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Thread: Spinal Cord Central Canal Fusiform Syrinx

  1. #1

    Spinal Cord Central Canal Fusiform Syrinx

    I am a person that has been diagnosed with a centralfusiform syrinx running down the dead center of my thoracic spinal cord and Ihave the following questions:
    1) Doesevery grown adult have a central canal located in the center of their spinalcord that is open from lower lumbar region and up to brain ?

    2) Isthe central canal of an adult always filled with CSF, cerebrospinal fluid ?

    3) Whatcould cause CSF fluid to get trapped or closed off inside the central canal ?

    4) OnMRI Imaging, why am I seeing that light colored streak running verticaly downthe center of my spinal cord ?

    5) Canyou have a syrinx that is located completely outside of the central canal? Will syrinxes inside the central canalproduce different symptoms than syrinxes located outside the central canal ?

    6) Doesanybody really know why syrinxes are known to cause severe headaches ? Are the severe headaches caused by CSF fluidbuildup pressure in the brain or head ?

    Any insight on the answers to these questions isgreatly appreciated. Thanks,
    Ken Trinkaus

  2. #2
    I have asked Dr. Young to respond to your questions when he has the time.

    (KLD)

  3. #3
    KLD,
    Ok, I will wait and see if Doctor Young can answer some of my spinal cord central canal questions.
    Ken Trinkaus

  4. #4
    My answers are embedded. I hope they are helpful.

    Quote Originally Posted by kbtrink
    I am a person that has been diagnosed with a centralfusiform syrinx running down the dead center of my thoracic spinal cord and I have the following questions:

    1) Does every grown adult have a central canal located in the center of their spinal cord that is open from lower lumbar region and up to brain ?
    Yes, the central canal normally runs from the fourth ventricle in the brain stem all the way to the lumbosacral spinal cord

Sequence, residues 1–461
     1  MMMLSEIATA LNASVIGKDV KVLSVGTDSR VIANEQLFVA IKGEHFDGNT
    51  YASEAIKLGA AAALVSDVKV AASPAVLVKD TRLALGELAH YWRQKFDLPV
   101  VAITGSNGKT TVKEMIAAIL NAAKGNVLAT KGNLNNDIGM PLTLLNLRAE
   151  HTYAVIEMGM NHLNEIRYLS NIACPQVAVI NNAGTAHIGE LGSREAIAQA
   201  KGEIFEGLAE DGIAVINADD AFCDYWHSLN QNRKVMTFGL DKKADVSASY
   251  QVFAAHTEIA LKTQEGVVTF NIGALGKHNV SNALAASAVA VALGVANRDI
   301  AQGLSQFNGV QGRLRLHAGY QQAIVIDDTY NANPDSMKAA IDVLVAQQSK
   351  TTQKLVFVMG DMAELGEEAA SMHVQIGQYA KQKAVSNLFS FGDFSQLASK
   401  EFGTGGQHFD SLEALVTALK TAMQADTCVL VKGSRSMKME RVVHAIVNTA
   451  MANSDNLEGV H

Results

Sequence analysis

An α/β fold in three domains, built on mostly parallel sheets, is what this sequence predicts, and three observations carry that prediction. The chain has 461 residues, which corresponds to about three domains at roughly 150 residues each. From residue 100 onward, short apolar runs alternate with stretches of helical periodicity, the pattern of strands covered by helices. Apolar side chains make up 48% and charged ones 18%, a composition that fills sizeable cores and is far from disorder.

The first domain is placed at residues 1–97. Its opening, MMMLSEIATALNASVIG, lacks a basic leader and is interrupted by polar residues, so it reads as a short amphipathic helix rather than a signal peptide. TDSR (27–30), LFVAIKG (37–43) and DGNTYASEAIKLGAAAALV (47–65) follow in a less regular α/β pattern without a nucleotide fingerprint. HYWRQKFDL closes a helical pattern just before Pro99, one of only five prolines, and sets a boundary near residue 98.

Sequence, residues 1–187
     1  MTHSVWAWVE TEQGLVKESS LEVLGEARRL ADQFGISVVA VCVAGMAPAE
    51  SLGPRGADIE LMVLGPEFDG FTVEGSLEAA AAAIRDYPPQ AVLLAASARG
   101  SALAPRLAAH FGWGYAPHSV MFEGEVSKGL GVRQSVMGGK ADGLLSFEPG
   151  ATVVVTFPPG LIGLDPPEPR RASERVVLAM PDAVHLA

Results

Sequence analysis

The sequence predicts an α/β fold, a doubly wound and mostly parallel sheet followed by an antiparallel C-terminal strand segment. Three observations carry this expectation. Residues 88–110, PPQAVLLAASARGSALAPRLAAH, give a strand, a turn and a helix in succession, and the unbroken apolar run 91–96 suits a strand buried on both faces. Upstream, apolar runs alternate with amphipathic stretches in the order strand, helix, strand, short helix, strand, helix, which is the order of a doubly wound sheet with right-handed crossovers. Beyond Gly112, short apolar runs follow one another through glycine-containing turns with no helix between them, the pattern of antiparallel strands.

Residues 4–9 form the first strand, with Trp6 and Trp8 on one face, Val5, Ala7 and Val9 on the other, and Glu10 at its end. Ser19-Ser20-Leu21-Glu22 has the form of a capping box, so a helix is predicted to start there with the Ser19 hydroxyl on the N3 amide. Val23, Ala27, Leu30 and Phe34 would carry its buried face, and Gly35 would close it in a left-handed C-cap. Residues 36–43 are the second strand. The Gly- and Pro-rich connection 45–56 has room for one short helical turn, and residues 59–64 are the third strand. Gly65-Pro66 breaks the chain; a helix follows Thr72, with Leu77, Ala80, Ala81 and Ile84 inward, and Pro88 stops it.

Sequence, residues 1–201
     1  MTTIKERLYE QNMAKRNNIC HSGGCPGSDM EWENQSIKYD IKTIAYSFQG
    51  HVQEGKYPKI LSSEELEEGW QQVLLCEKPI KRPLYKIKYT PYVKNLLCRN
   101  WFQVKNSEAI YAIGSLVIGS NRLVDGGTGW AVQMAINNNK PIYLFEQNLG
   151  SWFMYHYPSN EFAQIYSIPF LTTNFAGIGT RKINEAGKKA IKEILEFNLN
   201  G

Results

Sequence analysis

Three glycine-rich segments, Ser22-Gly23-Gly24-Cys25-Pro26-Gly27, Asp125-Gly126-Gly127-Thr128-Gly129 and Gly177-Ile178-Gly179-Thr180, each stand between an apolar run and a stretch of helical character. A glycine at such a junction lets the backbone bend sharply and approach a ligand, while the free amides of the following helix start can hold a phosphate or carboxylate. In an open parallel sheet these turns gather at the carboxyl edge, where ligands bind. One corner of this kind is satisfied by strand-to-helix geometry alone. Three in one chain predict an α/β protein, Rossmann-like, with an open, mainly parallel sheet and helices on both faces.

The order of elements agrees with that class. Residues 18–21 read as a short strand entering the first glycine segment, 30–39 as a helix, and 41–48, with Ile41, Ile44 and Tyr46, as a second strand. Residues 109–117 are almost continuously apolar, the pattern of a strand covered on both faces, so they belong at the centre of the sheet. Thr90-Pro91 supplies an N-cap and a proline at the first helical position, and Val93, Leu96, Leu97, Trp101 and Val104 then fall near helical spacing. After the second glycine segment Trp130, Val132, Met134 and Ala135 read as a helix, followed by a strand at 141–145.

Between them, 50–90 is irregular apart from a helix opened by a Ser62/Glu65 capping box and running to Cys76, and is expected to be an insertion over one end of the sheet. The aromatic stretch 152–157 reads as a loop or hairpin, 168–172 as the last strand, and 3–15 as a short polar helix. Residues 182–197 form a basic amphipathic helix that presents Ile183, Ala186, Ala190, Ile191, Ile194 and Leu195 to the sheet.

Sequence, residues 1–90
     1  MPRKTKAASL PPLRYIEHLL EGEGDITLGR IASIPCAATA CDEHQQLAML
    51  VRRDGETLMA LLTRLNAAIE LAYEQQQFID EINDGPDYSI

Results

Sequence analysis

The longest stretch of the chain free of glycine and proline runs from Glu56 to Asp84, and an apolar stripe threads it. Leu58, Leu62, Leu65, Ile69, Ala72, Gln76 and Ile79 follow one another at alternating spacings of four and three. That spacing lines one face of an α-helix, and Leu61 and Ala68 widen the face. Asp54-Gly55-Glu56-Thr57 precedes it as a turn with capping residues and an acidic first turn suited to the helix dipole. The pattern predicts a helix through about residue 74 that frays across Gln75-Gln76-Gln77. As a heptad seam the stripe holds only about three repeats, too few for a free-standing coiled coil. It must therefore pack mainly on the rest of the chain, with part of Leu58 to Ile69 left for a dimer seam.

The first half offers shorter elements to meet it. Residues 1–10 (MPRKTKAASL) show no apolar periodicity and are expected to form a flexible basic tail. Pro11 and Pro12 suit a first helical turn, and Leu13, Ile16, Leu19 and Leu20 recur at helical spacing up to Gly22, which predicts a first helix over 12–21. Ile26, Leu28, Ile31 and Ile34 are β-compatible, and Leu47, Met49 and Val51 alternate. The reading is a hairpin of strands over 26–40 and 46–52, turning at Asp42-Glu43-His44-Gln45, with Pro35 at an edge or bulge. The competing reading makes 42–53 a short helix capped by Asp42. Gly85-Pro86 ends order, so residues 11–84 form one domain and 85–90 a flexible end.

2) Is the central canal of an adult always filled with CSF, cerebrospinal fluid ?
    [Color=#FF3366] Yes, the central canal should be filled with cerebrospinal fluid [/red]

    3) What could cause CSF fluid to get trapped or closed off inside the central canal?
    Most CSF are produced in the fourth ventricle in the brainstem and flow up to the brain and down the spinal cord in the subarachnoid space. After spinal cord injury, inflammation or infection may cause the arachnoid membrane to stick to the spinal cord pial surface. The dogma is that these adhesions obstruct CSF flow down the spinal cord. When that happens, some of the CSF is shunted to flow in the central canal and this leads to enlargement of the central canal and the formation of syringomyelia. There is much misunderstanding of what a syringomyelic cyst is. In my opinion, that term should be reserved for an enlargement of the central canal. It should not be used to refer to the formation of a cavity in the spinal cord that is not surrounded by ependymal cells (the cells that line the central canal). For many years, surgeons thought that the enlargement of the central canal is due to pressure. However, many MRI studies have shown that the fluid in the central canal is flowing (albeit slowly) and this argues against pressure as the cause of the canal enlargement. Since the mid-1990?s, the concept that syringomyelia is due to shunting of flow into the central canal has become popular and has led to the increasing use of untethering and removal of arachnoid adhesions as the treatment of syringomyelic cysts, as opposed to the traditional use of a shunt by putting tubes into the syringomyelic cyst. There was a neurosurgeon who developed a ?piccolo technique? of punching holes into the cyst with a laser in the hopes of decompression it. The shunts don?t work most of the time and almost always occlude. Untethering surgery, however, seems to help many people and so, most surgeons today shunt and untether at the same time.